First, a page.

Where I came from in Nebraska is home to the one finger wave (NO, not that finger!). Driving down the road you raise your pointing finger off the steering wheel and it signifies, "Hi, how are you... how are things going... have a good day..." I still find it hard not to practice this gesture of friendship (given to strangers as well as those you know) but Tennessee does not understand it.

I think of the many gestures that form part of our unwritten communication -- ways in which we say things without words. It happens in the sports arena and in the mall and in schools and a thousand other places. It also happens in Church.

Worship involves gestures, gestures that have meaning because they are born from hearts filled with faith. When we kneel, it says something about our humility and about God's majesty. When we stand, it says something about honor and respect of Him who is God and Lord of all. When we fold our hands in prayer, it speaks of trust, devotion, and love. When we extend our hands in the sharing of peace, it says something about fellowship and friendship. When the chalice is elevated at the consecration, it says something about who is present in bread and wine.

No one suggests that these gestures have meaning or significance without faith. But in faith, they speak without words what we confess in our hearts regarding sin and its death, God and His majesty, Christ and His mercy, the Spirit and His grace.

When someone folds his or her hand over the heart at the national anthem, something is said. We all acknowledge this is a gesture of meaning and significance. So let us also acknowledge that part of the worship of God's house happens without words being spoken or lips moving... in the way we carry ourselves, in the posture we show, in hands folded or uplifted... These too are worship... in Spirit... and in Truth.

Tuesday, July 28, 2009

A Culture of Ignorance

A friend told the story of jogging past a Roman Catholic Church which had a statue of the Sacred Heart of Jesus. The statue features Jesus holding his chest, with the wounds of his hands visible, and in the center is the image of His heart with a cross outlined upon it. Another jogger was taking his time with his young son in tow. As they passed the statue, the boy asked his father, "Why is that man holding his chest?" "I dunno," said his dad. And on they went...

That man. Is it that difficult to identity that man as Jesus? While the history of the Sacred Heart of Jesus may not be easily rehearsed by most people (even Roman Catholics), is it so hard to unpack some of the meaning of the Jesus who stands with His heart exposed and the cross upon that heart?

Yes, it is. We live in a post-Christian era. Around us the majority of people did not attend Sunday school, were not baptized as infants, and have never attended a religious service more than for funerals, weddings, or the occasional Christmas or Easter. We live in a time when there is a huge hole in the knowledge of who Jesus Christ is, what He has done, what the Bible is, and what it says.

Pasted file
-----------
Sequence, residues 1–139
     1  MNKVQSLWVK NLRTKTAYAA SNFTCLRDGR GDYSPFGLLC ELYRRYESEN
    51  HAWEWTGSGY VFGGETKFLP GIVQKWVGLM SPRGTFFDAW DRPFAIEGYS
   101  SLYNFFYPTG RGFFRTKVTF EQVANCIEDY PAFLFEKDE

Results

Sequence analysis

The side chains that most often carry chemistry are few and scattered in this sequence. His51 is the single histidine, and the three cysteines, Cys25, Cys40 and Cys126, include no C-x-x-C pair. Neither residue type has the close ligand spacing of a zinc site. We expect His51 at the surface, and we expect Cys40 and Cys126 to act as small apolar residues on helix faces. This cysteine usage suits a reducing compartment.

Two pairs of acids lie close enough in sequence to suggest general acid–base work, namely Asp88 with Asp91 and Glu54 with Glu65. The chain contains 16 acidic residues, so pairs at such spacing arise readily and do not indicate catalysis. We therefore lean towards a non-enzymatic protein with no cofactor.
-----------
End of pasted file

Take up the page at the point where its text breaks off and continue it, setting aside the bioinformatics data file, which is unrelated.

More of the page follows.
More than that, we have come to promote this culture of ignorance. People who are in the know about such things are often viewed with suspicion as religious zealots, extremists. We as a nation like getting our religion in bits and pieces, unconnected truths and facts, unsupported opinions, and, best of all, with no one to tell us we are wrong.

Christians, even those who go to Church every Sunday, often contribute to this culture of ignorance. How? Think of all the children in Church who do not attend Sunday school... or the children who attend Sunday school but do not go through catechism... or the adults who are in Church but not in Bible study... or the church-goers whose contributions to religious conversations range from "I dunno" to "Oh, I don't believe that either" to "Well, I guess what is really important is living a good life and getting along..."

Satan may not be the undoing of the Church but it just could be that God's biggest problem are with Christians, who believe truth to be relative and changeable... who believe that you can be a good Christian without knowing all that much about the faith or Scripture... who believe that saved by grace and saved by your good works are really not so different... who give in to their children and don't "make" them go to Sunday school or catechism.

Could it be that people pass the cross every day and "dunno" what it means? Could it be that we as Christians are not so sure what it all means? Could it be that both are content with their limited knowledge or half-truths about Jesus Christ?

You do not need to save the world. Jesus has already done that. But in order to fully benefit from all that Jesus has done, God asks us to know this Gospel truth, to believe in this Gospel under the prompting of the Spirit, and to be willing to daily live as the student of the Word which proclaims this Gospel. And one more thing. To share this good news with others.

I cannot make the world so that everyone will pass by the cross heeding its message of hope and life... but I can work to make sure that no one will pass by the cross without a basic knowledge of what it means. I may not be able to make everyone say "I believe" but surely I can help others so that they do not say "I dunno." And it starts with me, with my children in Sunday school, in catechism, and with me in worship every Sunday and participating in a Bible study.

Monday, July 27, 2009

For the God Who Sings

I think I want to move to Australia. They have a marvelous public radio network and every Monday morning I listen to my favorite program, called "For the God Who Sings." It connects the great music of the Church to the lessons for the Sunday just past. Is there a grander grand way to let Sunday slip into blessed memory than the music built upon the Word for the week?